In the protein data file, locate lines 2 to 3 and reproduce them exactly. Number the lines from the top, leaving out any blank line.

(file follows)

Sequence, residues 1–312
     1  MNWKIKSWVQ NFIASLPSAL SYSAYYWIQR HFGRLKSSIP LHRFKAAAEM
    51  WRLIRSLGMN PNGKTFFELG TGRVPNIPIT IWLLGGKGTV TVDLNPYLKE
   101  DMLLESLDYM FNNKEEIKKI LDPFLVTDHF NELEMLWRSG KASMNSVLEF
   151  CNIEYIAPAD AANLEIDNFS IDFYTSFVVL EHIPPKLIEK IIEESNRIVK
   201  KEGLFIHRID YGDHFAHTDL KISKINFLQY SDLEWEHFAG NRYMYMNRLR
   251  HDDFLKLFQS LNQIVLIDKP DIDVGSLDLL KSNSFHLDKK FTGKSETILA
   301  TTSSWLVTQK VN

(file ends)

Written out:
     1  MNWKIKSWVQ NFIASLPSAL SYSAYYWIQR HFGRLKSSIP LHRFKAAAEM
    51  WRLIRSLGMN PNGKTFFELG TGRVPNIPIT IWLLGGKGTV TVDLNPYLKE